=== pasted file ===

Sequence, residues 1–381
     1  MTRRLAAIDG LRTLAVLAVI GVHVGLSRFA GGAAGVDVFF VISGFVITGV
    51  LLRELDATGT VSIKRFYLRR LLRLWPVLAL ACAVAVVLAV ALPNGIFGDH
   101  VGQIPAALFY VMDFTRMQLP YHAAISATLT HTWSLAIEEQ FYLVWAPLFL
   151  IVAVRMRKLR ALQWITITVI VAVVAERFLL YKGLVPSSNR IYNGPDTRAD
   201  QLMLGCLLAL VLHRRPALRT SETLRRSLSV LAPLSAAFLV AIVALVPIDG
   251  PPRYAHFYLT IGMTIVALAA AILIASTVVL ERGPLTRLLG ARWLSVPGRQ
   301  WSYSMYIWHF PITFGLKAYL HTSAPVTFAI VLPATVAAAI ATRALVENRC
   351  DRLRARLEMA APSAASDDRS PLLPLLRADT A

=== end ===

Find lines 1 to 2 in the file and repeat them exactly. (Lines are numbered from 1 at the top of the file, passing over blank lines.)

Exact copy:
Sequence, residues 1–381
     1  MTRRLAAIDG LRTLAVLAVI GVHVGLSRFA GGAAGVDVFF VISGFVITGV